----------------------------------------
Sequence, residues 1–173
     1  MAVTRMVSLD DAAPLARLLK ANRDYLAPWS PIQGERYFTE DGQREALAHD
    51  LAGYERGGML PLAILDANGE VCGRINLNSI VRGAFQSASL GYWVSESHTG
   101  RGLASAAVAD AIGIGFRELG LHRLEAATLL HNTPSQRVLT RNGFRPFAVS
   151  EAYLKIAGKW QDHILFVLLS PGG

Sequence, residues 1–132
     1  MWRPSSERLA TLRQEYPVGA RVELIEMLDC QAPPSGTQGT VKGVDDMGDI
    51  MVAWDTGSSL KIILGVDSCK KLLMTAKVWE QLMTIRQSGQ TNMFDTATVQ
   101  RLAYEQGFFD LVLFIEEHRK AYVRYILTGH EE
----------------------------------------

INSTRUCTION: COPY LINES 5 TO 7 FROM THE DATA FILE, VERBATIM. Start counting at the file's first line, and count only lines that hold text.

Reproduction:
   151  EAYLKIAGKW QDHILFVLLS PGG

Sequence, residues 1–132
     1  MWRPSSERLA TLRQEYPVGA RVELIEMLDC QAPPSGTQGT VKGVDDMGDI